In step 295 management application 222 communicates with HBA 240 via virtual SCSI target 230. Virtual SCSI target 230 and logical unit 232 are virtual components created to permit management application 222 to communicate with HBA 240 as a logical unit, i.e., using standard SCSI based access mechanisms to manage HBA 240. The standard interfaces are supported by conventional operating systems, therefore management application 222 does not need to be aware of vendor specific HBA interfaces. Virtual SCSI target 230 represents HBA 240 as logical unit 232 and intercepts commands produced by management application 222 for execution by HBA 240.
In a conventional system, a management application may need to use different communication mechanisms to access HBAs provided by different vendors. However, virtual SCSI target 330 and logical unit 332 may be used by management application 222 to communicate with HBA 340 using a standard interface, just as virtual SCSI target 230 and logical unit 232 may be used by management application 222 to communicate with HBA 240. A single HBA management command may be simultaneously provided by management application 222 for execution by HBA 240 and HBA 340.
In order to issue commands to HBA 240, management application 222 communicates through virtual SCSI target 230. Specifically, commands for virtual SCSI target 230 are intercepted by HBA device driver 225 that is provided by the vendor of HBA 240, so that the HBA management commands do not reach SCSI 205. Likewise, commands for virtual SCSI target 330 are intercepted by HBA device driver 325 that is provided by the vendor of HBA 340, so that the HBA management commands do not reach SCSI 305. The HBA management commands are sent to virtual logical units 232 and 332, from the point of view of management application 222, therefore, management application may also communicate with other physical logical units in system 300 without necessarily waiting for confirmation that the management commands have been executed. Therefore, virtual SCSI targets 230 and 330 allow for efficient communication with HBAs and may improve overall communication bandwidth for physical targets.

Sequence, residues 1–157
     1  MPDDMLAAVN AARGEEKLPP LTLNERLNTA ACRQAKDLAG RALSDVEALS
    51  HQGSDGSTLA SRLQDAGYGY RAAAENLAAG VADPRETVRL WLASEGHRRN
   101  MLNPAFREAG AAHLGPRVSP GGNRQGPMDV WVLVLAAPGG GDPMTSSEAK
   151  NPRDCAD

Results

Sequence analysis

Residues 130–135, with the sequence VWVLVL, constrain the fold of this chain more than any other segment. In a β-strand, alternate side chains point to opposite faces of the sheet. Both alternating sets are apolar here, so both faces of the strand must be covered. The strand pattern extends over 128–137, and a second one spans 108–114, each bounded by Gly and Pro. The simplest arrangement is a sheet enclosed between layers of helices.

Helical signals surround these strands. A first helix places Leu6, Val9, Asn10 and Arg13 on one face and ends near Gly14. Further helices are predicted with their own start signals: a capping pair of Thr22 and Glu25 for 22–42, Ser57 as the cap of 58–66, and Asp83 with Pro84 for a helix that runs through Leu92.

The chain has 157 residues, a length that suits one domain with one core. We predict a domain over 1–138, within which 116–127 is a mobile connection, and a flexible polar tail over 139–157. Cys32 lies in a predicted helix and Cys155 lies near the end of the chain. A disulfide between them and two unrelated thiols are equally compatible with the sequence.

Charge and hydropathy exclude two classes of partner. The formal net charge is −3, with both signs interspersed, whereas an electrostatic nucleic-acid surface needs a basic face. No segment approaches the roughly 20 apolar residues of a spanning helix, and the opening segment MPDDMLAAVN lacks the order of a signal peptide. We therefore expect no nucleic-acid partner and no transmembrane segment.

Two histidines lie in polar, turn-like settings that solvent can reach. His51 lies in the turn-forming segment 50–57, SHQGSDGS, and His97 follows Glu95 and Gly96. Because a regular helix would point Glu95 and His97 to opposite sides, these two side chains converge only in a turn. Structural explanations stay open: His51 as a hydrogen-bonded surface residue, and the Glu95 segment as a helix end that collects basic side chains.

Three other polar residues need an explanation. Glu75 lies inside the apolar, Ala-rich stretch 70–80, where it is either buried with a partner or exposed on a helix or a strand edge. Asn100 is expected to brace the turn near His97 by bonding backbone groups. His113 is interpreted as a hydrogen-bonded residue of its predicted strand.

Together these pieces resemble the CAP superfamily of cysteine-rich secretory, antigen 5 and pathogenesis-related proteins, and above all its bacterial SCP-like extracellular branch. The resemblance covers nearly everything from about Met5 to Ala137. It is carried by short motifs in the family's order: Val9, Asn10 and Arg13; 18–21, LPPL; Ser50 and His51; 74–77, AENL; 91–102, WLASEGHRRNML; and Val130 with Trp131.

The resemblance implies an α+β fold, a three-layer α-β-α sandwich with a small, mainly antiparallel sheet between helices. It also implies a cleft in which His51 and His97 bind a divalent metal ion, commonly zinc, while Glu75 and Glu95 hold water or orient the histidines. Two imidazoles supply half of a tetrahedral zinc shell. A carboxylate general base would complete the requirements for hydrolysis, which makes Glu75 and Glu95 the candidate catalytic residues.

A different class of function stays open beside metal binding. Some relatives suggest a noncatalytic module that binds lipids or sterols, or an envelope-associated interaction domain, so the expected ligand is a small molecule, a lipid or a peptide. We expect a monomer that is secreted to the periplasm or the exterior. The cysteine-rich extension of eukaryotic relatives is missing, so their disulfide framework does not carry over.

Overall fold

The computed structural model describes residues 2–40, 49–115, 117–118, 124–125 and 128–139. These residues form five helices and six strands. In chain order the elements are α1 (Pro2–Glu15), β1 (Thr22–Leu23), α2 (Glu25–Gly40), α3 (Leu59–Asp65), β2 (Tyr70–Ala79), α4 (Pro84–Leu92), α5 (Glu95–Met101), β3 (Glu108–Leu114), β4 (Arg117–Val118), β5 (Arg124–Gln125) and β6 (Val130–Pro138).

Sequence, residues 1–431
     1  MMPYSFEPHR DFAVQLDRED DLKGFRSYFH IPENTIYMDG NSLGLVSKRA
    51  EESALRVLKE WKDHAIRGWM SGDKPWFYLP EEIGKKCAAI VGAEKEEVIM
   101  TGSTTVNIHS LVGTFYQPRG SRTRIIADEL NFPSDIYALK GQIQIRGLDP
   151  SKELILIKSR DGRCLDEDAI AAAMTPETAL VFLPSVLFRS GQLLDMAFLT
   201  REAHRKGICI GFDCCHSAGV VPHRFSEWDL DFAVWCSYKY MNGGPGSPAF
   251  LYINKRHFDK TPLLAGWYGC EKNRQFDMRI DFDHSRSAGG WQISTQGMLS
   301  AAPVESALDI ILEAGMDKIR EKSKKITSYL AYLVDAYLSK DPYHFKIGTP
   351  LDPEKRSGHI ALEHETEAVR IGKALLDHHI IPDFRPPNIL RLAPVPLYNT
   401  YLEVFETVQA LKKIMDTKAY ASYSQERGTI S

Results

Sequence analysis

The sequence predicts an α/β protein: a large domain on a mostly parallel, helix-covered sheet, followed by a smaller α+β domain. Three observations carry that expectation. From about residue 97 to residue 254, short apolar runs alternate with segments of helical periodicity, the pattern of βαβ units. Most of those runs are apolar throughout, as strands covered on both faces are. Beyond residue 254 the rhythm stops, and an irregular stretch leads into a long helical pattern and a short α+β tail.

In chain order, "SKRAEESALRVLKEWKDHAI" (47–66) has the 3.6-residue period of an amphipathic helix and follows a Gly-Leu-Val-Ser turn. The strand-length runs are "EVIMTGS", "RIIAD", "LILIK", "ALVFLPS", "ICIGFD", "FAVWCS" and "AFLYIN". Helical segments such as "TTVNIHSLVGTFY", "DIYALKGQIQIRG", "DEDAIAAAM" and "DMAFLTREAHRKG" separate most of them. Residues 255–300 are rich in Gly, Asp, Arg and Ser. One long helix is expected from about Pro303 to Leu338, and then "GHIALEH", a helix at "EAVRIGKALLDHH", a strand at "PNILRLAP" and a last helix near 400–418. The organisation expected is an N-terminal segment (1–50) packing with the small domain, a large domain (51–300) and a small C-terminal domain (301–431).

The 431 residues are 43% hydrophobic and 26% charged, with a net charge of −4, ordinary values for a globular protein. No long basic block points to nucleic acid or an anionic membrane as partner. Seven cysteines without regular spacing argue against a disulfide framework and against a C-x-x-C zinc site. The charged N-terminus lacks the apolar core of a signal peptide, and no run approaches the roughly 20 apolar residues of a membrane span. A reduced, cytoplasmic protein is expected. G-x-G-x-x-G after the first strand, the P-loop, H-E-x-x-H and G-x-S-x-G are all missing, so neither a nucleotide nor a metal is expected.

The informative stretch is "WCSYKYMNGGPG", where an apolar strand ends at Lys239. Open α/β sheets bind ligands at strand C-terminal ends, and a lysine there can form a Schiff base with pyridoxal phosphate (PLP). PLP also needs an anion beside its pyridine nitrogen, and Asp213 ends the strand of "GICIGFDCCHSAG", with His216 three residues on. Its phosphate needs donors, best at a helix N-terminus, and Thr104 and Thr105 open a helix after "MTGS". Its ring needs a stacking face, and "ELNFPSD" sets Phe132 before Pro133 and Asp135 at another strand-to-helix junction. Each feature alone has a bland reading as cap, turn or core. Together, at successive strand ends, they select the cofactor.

In step 310 management application 222 determines if the HBA management command produced in step 301 should be output to multiple HBAs in the system. The management command may be broadcast for execution by other HBA in the system that is represented as a logical unit by a virtual SCSI target, such a HBA 340. Alternatively, the management command can be issued to a specific HBA by specifying a particular target identifier in the command.
If, in step 310 management application 222 determines that the HBA management command should be output to multiple HBAs, e.g., HBA 240 and 340, then in step 340 management application 222 outputs the (broadcast) management command to HBAs 240 and 340 that are represented by virtual SCSI targets 230 and 330 as logical units 232 and 332, respectively. In step 342 virtual SCSI targets 230 and 330 intercept the broadcast command and provide it to device drivers 225 and 325, respectively. In step 345 the vendor specific HBA device drivers, HBA device drivers 225 and 325, communicate with the corresponding HBA, HBA 240 and 340, respectively to execute the management command produced by management application 222 in step 301.